I thought I would post this video of Glen Peters discussing the three years we’ve just had in which there has been near-zero growth in emissions. You can use a Kaya-like identity to try and understand what might be causing emissions to have stalled. What’s probably caused the near-zero growth in emissions is probably (in China in particular) a combination of a slowdown in GDP growth, an increase in energy efficiency (energy/GDP), and a reduction in the amount of CO2 released per unit of energy (a combination of switching from coal to gas and an increase in the use of renewables).
A key point in the talk is that these could all be signs that emissions might peak sooner than expected, but that this will require some kind policies to lock in. Also, achieving some kind of temperature target will also require emissions to actually reduce, not simpy stall. That will probably require increased deployment of renewables (which is apparently progressing about as well as can be expected) along with the deployment of some heavy-hitters, like nuclear and CCS (which are not progressing particular well). We can’t really say yet if emissions have acually peaked, but it’s at least a sign that it might happen sooner than we might have expected. Anyway, that’s all I need to say (probably more than I need to say).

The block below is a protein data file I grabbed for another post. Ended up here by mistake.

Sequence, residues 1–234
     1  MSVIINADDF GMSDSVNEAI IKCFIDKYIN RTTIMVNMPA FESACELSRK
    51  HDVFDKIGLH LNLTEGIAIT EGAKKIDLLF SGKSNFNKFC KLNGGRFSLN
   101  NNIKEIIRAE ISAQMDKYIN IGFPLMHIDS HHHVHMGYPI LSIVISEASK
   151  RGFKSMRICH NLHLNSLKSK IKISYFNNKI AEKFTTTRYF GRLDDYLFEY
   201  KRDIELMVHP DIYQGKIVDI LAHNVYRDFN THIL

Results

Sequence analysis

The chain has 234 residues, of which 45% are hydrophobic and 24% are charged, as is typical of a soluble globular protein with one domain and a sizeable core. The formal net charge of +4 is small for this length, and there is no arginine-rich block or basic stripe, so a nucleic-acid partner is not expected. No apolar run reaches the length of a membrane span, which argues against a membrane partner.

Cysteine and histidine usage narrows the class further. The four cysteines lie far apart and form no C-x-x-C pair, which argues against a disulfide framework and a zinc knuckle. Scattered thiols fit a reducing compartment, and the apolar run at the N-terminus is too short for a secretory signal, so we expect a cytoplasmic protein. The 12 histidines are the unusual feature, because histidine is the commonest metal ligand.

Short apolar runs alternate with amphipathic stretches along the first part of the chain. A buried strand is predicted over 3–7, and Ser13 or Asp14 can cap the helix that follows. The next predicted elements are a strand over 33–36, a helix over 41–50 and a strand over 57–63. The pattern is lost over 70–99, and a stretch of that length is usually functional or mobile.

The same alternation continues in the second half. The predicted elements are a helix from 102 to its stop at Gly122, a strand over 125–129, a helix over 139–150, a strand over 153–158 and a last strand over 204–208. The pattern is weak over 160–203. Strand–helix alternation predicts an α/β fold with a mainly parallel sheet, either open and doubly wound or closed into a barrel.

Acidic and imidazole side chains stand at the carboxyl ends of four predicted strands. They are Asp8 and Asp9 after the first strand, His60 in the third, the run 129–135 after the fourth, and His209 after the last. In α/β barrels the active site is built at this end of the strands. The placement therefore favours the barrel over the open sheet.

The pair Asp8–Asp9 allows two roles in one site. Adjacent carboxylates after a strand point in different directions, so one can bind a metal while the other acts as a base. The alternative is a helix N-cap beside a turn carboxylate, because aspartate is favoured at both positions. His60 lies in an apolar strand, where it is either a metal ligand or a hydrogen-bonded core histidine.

Glen Peters’ post about this topic.